As part of her recent Seanad statements on Bullying in Schools Senator Zappone took the opportunity to raise the delay in the establishment of the new Irish Human Rights and Equality Commission with Minister Quinn. The new body is due to examine Section 37 of the Employment Equality Act once it is extablished.
Below is the Minister's response to Senator Zappone.
Minister Ruairi Quinn:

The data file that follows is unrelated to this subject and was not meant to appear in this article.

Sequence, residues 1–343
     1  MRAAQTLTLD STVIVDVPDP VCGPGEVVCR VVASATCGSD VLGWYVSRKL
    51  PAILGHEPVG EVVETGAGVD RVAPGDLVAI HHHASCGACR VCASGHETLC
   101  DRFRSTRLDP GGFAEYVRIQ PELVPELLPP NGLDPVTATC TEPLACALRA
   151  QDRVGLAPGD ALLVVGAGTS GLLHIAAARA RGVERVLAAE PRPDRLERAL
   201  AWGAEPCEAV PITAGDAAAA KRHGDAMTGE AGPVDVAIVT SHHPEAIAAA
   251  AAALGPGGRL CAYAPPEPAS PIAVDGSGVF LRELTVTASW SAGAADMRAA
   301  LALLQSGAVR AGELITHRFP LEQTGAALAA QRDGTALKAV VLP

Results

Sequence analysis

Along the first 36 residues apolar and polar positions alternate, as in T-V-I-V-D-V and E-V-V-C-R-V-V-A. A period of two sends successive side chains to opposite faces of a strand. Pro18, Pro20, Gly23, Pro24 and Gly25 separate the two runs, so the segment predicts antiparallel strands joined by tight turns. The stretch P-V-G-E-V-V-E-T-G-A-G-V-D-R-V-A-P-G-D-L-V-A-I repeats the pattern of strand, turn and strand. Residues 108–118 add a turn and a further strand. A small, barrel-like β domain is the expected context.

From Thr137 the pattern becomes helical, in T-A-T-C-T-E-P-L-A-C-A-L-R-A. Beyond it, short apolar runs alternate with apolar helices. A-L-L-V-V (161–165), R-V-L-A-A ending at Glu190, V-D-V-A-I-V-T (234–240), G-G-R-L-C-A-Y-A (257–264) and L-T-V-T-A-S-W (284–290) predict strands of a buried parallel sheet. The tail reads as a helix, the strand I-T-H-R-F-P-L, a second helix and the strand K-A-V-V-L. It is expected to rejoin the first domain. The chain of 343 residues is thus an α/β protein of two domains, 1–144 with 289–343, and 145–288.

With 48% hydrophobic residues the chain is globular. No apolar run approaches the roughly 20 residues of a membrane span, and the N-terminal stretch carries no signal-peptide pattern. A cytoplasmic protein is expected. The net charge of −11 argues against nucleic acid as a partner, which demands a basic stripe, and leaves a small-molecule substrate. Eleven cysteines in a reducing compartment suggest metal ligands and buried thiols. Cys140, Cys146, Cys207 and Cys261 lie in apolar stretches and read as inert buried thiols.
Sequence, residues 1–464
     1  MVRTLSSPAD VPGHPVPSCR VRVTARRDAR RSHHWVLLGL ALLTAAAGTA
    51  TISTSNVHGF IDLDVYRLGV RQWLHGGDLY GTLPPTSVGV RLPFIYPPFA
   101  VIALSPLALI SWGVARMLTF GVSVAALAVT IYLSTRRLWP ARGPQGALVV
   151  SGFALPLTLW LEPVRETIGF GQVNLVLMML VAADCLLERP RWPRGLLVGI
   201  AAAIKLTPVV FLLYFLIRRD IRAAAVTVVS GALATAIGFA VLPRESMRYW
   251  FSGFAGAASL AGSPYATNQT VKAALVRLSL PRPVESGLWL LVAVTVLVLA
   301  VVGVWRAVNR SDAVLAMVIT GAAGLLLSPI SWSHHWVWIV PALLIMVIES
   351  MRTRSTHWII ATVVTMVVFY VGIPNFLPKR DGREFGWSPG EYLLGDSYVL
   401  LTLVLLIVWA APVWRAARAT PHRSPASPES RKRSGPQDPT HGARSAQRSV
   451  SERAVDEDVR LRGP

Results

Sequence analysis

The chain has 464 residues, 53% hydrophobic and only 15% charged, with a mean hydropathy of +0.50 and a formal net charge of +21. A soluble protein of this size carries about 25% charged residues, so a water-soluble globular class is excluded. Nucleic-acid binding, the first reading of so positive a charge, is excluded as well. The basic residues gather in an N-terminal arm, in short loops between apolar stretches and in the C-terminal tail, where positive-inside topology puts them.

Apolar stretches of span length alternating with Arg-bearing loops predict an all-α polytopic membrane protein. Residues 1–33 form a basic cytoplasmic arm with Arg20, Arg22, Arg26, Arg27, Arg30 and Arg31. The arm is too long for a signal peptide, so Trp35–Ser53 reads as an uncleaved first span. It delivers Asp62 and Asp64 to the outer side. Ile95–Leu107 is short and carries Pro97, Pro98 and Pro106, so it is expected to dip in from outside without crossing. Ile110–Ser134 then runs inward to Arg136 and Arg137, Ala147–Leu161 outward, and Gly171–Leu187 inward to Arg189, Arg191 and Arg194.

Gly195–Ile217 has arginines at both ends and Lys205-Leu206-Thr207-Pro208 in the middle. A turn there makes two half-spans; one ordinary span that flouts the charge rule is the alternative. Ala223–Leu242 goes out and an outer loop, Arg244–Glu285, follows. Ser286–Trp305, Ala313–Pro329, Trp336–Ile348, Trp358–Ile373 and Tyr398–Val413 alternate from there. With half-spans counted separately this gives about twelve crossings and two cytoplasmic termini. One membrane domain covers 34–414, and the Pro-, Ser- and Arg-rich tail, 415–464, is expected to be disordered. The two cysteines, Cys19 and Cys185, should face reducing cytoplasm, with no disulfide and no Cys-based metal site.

That leads me on to what Senator Zappone had to say. Understandably, she focused on the question of homophobic bullying. The 1993 guidelines made no reference to homophobia - it was a word that could not be spoken about. It will come as no surprise to Members that, in the wider education community, some representative groups did not want to address the issue and took the view that because it was not a problem in their school, it did not exist. However, we all know that homophobia exists. Senator Zappone made an interesting point about progress on the legislation initiated by Senator Power on protection for teachers in the classroom. I will either come back to Senator Zappone on that or I will ask her to follow up that matter with Minister for Justice and Equality, Deputy Shatter. The A list includes legislation to merge the Human Rights Commission and the Equality Authority and our reforms in that area are destined to go through. However, if we do not make the progress that I and this House want to see, it is open to this House to take whatever action it wants to. I hope that some of the bureaucrats that sit behind some of the committees respond to that threat. I hope it does not come to that. This House is sovereign in its own right and can decide what it wants to initiate. What happens in the future is another matter. We need to have teachers, as they are key role models in the classroom. If somebody who is openly gay or lesbian is part of the normal community, that gives great support and sustenance to young people who are struggling with their own identity. We know this struggle starts at a younger age now.
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